Online Submission

You will be required to electronically sign a declaration as part of the submission of your assignment. Please keep a copy of the assignment for your records. Unless an exemption has been approved by the Associate Dean (Education) submission must be through Turnitin.

Hardcopy Submission

For some forms of assessment (hand written assignments, art works, laboratory notes, etc.) hard copy submission is appropriate when approved by the Associate Dean (Education). Hard copy submissions must utilise the Assignment Cover Sheet. Please keep a copy of tasks completed for your records.

Late Submission

Late submission permitted. Late submission of assessment tasks without an extension are penalised at the rate of 5% of the possible marks available per working day or part thereof. Late submission of assessment tasks is not accepted after 10 working days after the due date, or on or after the date specified in the course outline for the return of the assessment item. Late submission is not accepted for take-home examinations.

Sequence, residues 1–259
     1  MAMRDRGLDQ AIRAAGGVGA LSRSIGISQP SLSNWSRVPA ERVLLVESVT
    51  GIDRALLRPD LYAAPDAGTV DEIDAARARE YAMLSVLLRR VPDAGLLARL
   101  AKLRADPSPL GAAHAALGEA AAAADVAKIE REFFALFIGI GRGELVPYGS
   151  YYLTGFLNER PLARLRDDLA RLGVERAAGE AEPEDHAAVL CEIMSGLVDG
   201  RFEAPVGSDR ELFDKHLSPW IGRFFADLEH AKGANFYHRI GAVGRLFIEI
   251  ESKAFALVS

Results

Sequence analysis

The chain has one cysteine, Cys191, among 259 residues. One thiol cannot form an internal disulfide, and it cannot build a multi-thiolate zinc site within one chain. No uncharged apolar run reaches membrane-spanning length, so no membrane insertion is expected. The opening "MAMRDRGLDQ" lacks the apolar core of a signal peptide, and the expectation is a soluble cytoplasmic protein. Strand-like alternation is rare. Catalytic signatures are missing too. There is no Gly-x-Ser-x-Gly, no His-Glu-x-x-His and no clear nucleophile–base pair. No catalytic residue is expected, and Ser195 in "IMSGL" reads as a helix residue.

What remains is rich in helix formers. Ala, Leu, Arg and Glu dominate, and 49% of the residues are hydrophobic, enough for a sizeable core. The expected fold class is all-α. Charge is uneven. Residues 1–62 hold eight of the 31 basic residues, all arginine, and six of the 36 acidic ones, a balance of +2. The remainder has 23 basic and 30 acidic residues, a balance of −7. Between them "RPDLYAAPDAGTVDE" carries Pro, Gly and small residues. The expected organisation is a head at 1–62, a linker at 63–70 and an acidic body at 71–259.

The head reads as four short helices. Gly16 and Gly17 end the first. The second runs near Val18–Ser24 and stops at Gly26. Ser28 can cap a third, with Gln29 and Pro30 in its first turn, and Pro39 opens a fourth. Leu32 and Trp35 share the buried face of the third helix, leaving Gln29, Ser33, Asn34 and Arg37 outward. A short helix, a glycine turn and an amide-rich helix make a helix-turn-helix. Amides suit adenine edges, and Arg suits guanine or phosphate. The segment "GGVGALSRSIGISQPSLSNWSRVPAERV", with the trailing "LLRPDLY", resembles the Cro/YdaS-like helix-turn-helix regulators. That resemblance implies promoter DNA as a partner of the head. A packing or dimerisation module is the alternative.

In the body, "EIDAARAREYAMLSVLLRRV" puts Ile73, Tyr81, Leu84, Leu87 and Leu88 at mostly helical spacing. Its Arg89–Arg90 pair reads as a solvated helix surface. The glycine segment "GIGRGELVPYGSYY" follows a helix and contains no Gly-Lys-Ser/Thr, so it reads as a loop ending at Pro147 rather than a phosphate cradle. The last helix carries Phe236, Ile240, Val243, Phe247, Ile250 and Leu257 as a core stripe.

Referencing Requirements

The Academic Skills website has information to assist you with your writing and assessments. The website includes information about Academic Integrity including referencing requirements for different disciplines. There is also information on Plagiarism and different ways to use source material.

Extensions and Penalties

Extensions and late submission of assessment pieces are covered by the Student Assessment (Coursework) Policy and Procedure. Extensions may be granted for assessment pieces that are not examinations or take-home examinations. If you need an extension, you must request an extension in writing on or before the due date. If you have documented and appropriate medical evidence that demonstrates you were not able to request an extension on or before the due date, you may be able to request it after the due date.